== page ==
By Mariam Karouny and Claudia Parsons1 hour, 20 minutes ago
Bombs and mortars hit Kirkuk and Baghdad on Wednesday as the Iraqi government prepared to launch a security plan to stem violence as part of what has been billed as a "last chance" to head off civil war.
In a sign the government is scrambling to meet political commitments, too, Iraq's Oil Ministry spokesman said the Oil Committee, grouping senior national and regional leaders, had agreed a final draft of a crucial oil law that sets rules for sharing revenues and boosting output.
A day after one of the bloodiest days in weeks, a suicide bomber driving a truck packed with explosives killed 10 people at a police station in central Kirkuk.
Another bomb ripped through a market in the Sadr City area of Baghdad, killing 15 and wounding 33, police said. Sadr City is the Shi'ite stronghold of the Mehdi Army, a militia loyal to radical Shi'ite cleric Moqtada al-Sadr.
In November Sadr City was the scene of the deadliest single attack since the U.S. invasion in 2003, when six coordinated car bombs killed at least 202 people.
Police and residents in Kirkuk said several buildings had collapsed and, a police source said, there were "still people under the rubble."
One resident said he saw many casualties lying in the street and several buildings collapsed.
On Tuesday, bombers killed 70 people, many of them young women students, at a Baghdad university.
Prime Minister Nuri al-Maliki, a Shi'ite Islamist, blamed the Mustansiriya University bombs on loyalists of ex-president Saddam Hussein, whose execution at the end of December fueled sectarian tension.
At least 105 people were killed on Tuesday in bombings and a shooting in the capital on a day when the United Nations said more than 34,000 Iraqi civilians died in violence last year.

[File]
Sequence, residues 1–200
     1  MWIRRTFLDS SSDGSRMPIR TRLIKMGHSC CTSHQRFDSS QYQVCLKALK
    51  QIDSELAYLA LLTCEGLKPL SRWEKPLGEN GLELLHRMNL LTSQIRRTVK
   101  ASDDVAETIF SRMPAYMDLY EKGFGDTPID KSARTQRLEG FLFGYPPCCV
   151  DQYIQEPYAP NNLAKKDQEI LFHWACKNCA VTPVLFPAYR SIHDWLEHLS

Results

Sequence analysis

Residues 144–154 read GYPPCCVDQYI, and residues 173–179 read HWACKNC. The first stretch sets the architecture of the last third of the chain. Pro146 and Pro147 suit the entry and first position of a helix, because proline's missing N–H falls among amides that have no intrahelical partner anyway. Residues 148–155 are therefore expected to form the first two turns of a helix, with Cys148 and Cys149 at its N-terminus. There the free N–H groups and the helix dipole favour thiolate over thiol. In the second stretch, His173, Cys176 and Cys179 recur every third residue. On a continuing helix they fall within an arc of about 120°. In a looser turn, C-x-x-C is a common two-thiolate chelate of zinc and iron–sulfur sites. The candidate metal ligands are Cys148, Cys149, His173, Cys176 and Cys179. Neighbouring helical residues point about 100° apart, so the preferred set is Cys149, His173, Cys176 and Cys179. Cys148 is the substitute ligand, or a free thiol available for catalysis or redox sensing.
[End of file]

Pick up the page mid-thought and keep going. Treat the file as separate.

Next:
Several explosions which police sources said were mortar rounds went off on Wednesday in the Haifa Street area of central Baghdad, where U.S. and Iraqi forces staged an offensive against Sunni rebels last week. There were no details on casualties.
SADDAM FOLLOWERS BLAMED
Sunni Arabs are also angry at the botched execution of two Saddam aides on Monday, two weeks after Saddam was hanged while official observers taunted him and invoked Sadr's name.
Among the coverage of reaction to the latest executions was widely played footage of interviews with students at Mustansiriya who were celebrating the hangings.
The Iraqi government is preparing a crackdown in Baghdad, involving Iraqi and some 20,000 American reinforcements. The crackdown is widely portrayed as a last chance to avert a civil war between Sunnis and Shi'ites that could draw in Shi'ite Iran and Arab states on opposing sides.
U.S. Secretary of State Condoleezza Rice wound up her visit to the Gulf on Wednesday after winning support from Arab allies for U.S. plans to deploy more troops.
Gulf countries, particularly Saudi Arabia, said however that the Shi'ite-led Iraqi government had to play a role in curbing sectarian violence and that the Shi'ite militias blamed for sectarian killings must be disbanded.
On the political front, there were signs of progress on an oil law, Oil Ministry spokesman Asim Jihad said on Wednesday.
Iraq has the world's third largest proven oil reserves so sharing revenues and establishing whether the industry is controlled centrally or by regions is a sensitive issue for Iraq's Shi'ites, Sunni Arabs and Kurds.
The draft calls for a federal committee headed by the prime minister to oversee all contracts and with the power to review existing deals signed under Saddam or by the Kurdish regional government, Jihad told Reuters, adding the bill would go to the cabinet next week for approval.